Personalization at Edge

fastly, rust, personalization

When companies with tiered pricing plans display the same pricing page to all their website visitors, there is a good chance they are leaving money on the table by not presenting the right pricing and packaging to their potential buyers.

In this post, we’ll explore using Rust with Fastly’s Compute@Edge to create a personalized website experience. Using Edge Compute to personalize a website has several advantages over the incumbent thinking of website optimization. Players like Optimizely and Google Optimize require adding an async JavaScript snippet and having the visitor suffer from some degree of “page flicker.”

With Compute@Edge we can ditch the JavaScript snippets and have the CDN render the final page with no additional DOM manipulations.

For this example we’ll create three variations of a pricing page:

  • Enterprise: visitors at companies with >100k employees
  • B2B SASS: visitors at companies in “b2b sass” space
  • Default: fallback for all other visitors

The beauty of this approach is each variant has a static URL on the origin server that can be previewed in a web browser without having to impersonate any of the personalization rules.

On the Edge server we’ll call the Clearbit Reveal API to fetch firmographic data for the visitors IP address and use the data to determine which page variation to render.

The personalization rules have a few important elements:

  • path: the page path to personalize
  • variants: the different variations of the page
  • variant.conditions: the variant criteria
  • variant.path: the new path to fetch from origin server

  "path": "/pricing",
  "variants": [{
    "name": "Enterprise",
    "conditions": [{
      "field": "company.metrics.employees",
      "operator": "gte",
      "value": 100000
    "path": "/pricing/enterprise"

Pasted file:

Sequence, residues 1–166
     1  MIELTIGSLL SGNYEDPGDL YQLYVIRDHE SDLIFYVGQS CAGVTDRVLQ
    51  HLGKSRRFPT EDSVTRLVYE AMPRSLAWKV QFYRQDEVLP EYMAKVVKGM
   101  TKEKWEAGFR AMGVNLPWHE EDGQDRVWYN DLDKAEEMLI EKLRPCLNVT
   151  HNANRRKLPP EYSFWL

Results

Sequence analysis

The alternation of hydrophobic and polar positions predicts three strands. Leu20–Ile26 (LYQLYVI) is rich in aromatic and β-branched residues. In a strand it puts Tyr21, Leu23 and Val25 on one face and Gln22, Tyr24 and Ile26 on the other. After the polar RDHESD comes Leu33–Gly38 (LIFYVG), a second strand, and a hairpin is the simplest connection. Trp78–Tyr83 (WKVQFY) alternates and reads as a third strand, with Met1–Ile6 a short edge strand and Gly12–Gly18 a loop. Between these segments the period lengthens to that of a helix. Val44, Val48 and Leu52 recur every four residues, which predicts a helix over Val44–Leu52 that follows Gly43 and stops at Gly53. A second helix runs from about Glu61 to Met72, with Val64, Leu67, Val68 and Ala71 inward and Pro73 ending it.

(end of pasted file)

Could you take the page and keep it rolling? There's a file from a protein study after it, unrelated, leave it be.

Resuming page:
}, {
    "name": "B2B SaSS",
    "conditions": [{
      "field": "company.tags",
      "operator": "contains",
      "value": "b2b"
    }, {
      "field": "company.tags",
      "operator": "contains",
      "value": "sass"
    "path": "/pricing/b2b-sass"

The rules are loaded into the Rust wasm application and executed against with each incoming request to determine which variation of the page to display.

There is a tiny amount of Rust code deployed to the Edge. The code is responsible for executing the rules and augmenting the page path sent to the origin server if a variant matches.

fn main(mut req: Request<Body>) -> Result<impl ResponseExt, Error> {
    let re = RuleEngine::new(RULES_PATH);
    let path = req.uri().path();

    // return early if no variants for requested path
    if !re.has_variant_for_path(path) {
        return Ok(req.send(BACKEND_NAME)?);

    // fetch visitor ip address
    let ip_addr = downstream_client_ip_addr().ok_or(anyhow!("could not get client ip"))?;

    // fetch company firmographic data for IP address
    let company = reveal_lookup(ip_addr);

    // run the rule engine to find personalized variant
    let variant = re.find_variant(path, company);
    let new_path = variant.path;

    // augment the request with the new path
    let mut parts = req.uri().clone().into_parts();
    let path_and_query = match req.uri().query() {
        Some(query) => format!("{}?{}", new_path, query),
        None => String::from(new_path),

    parts.path_and_query = Some(path_and_query);
    let uri = fastly::http::Uri::from_parts(parts)?;
    *req.uri_mut() = uri;

    // send request to origin server
    return Ok(req.send(BACKEND_NAME)?);

Using the appropriate Cache Control Headers we can serve up subsequent personalized pricing pages without any further requests to the origin server.

All that said, I’m super excited about the future of Edge Compute. Having Rust (or any modern language) available at the Edge feels like a huge leap forward in CDN technology. On top of that deploying with the Fastly toolchain gave me flashbacks to the first time using Heroku.

Edit: Thanks @growthwtf for pointing out my incorrect usage of “It just works” LOL (it actually does work!)